MANILA, Philippines – It’s been almost a month since the explosion at Unit 501B in Two Serendra, a posh enclave in Taguig City.
Three weeks since the announcement however, and as public interest slowly wanes — and with it, liability — the source of the leak still remains a mystery. No official updates since the June 7 press conference have likewise been made.
But facts from the investigation could explain how the explosion happened, or who should be held responsible. Rappler lists them and corresponding questions below.
Fact 1: Residents did not smell anything unusual
Commercialized liquefied petroleum gas (LPG) contains an odorant. The most commonly used chemical additive, mercaptan, is added to LPG to provide a distinctive smell so that in the event of a gas leak, residents are alerted by the foul odor.
Without mercaptan or an odorant, it is virtually impossible to detect gas leaks by smell. The Serendra investigation found that Angelito San Juan, the man renting Unit 501B, did not report any unusual smell when he talked to his friend, Herminia Ochoa, before the explosion, although he did mention feeling suffocated, a symptom of a gas leak.
When Ochoa visited the apartment to see San Juan, she reportedly did not smell any gas from the doorway, and neither did the two guards with her, according to Roxas. Residents from the same building whom Rappler talked to also did not report any unusual odor.
But Roberto Kanapi, Pilipinas Shell vice president for communication, said Shell injects more than the required “chemical additive called ethyl mercaptan in [the gas] we supply.” Pilipinas Shell Petroleum Corp is the gas supplier of Bonifacio Gas Corp (BGC), the exclusive provider of centralized piped-in gas in Bonifacio Global City.
- Was the gas supplied to Serendra odorless? Is mercaptan really injected to BGC’s gas supply? If Kanapi is to be believed, and the residents did not smell gas, does this mean the mercaptan, by the time it had reached Serendra, had diminished?
- Rappler research shows that mercaptan odorant may fade in rare circumstances. These include times when it sticks to the inside surface of metal storage containers, or is absorbed by the following: the vapor space of used containers, soil, the inside wall of gas pipings, rough wall surfaces, furniture, and fabrics. Could this be what happened, and if so, were the containers or gas pipes used by BGC the culprit?
Fact 2: Burn marks in other units
Roxas said units 506 and 306 had evidence of burn marks, and even a used fire extinguisher. Unit 506 is across the hall and two units away from 501, while unit 306 is one floor below 501.
The same gas pipe provides gas to units 506 and 306. Burn marks and evidence of fire in both units indicate gas continued to flow in those apartments causing the burning, and that the pipe supplying both units was busted.
- Did the pipe break before or after the blast? If the pipe was already broken before the blast, it may be the source of the leak. Gas could have leaked there, but spread down the hall and into 501, hence the explosion. Or did it break from the impact of the blast?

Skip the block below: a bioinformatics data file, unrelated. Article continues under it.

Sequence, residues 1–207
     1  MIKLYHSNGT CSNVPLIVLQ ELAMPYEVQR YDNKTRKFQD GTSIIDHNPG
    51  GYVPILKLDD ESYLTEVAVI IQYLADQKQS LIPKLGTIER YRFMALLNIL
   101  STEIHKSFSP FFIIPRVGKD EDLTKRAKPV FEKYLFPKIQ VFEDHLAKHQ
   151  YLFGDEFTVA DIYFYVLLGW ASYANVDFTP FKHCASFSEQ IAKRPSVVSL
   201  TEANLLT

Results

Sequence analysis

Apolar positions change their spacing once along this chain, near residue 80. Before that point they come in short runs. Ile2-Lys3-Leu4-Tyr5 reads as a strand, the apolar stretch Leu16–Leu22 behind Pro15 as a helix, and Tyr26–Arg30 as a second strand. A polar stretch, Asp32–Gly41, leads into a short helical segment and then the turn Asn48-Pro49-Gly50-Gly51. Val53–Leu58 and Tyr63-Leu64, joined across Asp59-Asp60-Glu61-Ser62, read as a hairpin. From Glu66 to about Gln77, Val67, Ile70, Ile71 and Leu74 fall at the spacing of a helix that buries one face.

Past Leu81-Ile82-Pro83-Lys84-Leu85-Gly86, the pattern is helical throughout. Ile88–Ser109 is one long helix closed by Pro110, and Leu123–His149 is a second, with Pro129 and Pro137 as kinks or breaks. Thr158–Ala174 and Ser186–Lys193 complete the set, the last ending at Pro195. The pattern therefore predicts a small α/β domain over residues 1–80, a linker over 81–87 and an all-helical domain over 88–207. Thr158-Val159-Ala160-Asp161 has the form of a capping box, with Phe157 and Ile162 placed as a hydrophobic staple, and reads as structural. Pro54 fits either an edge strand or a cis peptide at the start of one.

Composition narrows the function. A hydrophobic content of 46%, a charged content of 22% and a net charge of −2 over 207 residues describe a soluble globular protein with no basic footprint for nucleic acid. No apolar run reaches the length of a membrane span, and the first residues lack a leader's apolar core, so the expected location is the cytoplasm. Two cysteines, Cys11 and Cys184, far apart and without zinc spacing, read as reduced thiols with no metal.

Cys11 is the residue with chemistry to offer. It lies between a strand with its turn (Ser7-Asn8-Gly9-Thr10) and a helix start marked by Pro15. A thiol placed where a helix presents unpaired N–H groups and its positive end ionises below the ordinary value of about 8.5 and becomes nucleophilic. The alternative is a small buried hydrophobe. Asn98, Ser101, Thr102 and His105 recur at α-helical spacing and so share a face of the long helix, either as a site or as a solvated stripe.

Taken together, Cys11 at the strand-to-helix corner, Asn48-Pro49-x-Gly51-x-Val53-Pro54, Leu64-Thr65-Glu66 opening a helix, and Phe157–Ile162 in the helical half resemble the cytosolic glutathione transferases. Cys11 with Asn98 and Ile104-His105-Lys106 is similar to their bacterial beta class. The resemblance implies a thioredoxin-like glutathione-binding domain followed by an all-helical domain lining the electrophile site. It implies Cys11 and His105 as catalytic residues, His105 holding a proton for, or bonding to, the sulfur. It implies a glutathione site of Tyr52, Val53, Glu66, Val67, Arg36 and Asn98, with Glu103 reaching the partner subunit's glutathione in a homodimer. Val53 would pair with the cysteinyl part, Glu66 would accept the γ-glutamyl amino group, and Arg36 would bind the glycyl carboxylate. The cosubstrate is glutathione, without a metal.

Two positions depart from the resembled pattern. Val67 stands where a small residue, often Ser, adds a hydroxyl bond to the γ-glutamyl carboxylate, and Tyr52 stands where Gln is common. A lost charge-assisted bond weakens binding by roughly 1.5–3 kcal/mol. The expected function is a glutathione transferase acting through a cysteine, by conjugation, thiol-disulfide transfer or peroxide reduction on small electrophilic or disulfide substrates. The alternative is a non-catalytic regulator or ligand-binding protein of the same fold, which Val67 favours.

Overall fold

Fact 3: Damage to other units
In a statement released by Ayala Land Inc on the day of the blast, it said 10 units on the 5th floor were damaged by the blast. Ayala spokesperson George Marco said, two apartment units were completely blown out. Others suffered shattered windows, broken doors, and at least one unit on the floor had evidence of burns.
An expert Rappler talked to said it is likely that if the explosion happened inside 501 with the door closed, the extent of damage in the other units would not have been as massive. San Juan’s burns mostly on his back, and his reported plans to leave his apartment just minutes before the blast suggest he was on his way out and his door was open.
- What does the widespread damage on the 5th floor mean? Could it mean there was gas along the corridor, which was also ignited, hence the damage? If so, where did the gas along the corridor come from?
Fact 4: Unit 501 was the source of ignition
The explosion on Unit 501 means it was the source of the ignition. But this does not mean it was also the source of the leak. Gas may have simply entered the unit from the leak’s origin. It is unknown what ignition caused the blast, but in the press conference, geoscientist CP David said it could have come from a mere light switch.
San Juan’s counsel, Raymund Fortun, told Rappler his client did not cook while he was at the apartment, as there are no utensils in the unit.
- With San Juan still intubated owing to injuries from the blast and without his testimony, investigators have yet to determine the source of the ignition. Was it a light switch? A match? From the information at hand, however, Roxas said investigators have concluded San Juan’s behavior was “normal.”
- And if the leak did not come from Unit 501, then how did the gas enter the apartment? If the unit’s gas was unused, as Fortun says, could the gas have then seeped through the door and not through the pipes?
Fact 5: No alarm went off
No gas detector sounded before the explosion, despite there having been gas present. Residents Rappler talked to said their gas detectors are extremely sensitive that, they are set off even by detergent or insect repellant. They said the sound is so loud it can be heard from outside the unit. But not a single alarm was reported to have gone off on the 5th floor.
- Were the gas detectors on the 5th floor not working? Or were none of them plugged, which is the residents’ responsibility? If the gas detectors were not working, why not?
- A One Serendra resident told Rappler a Serendra inspection of her gas detector showed it was defective, as it did not detect gas sprayed onto it. How many gas detectors in Serendra are defective and why were they not monitored? – Rappler.com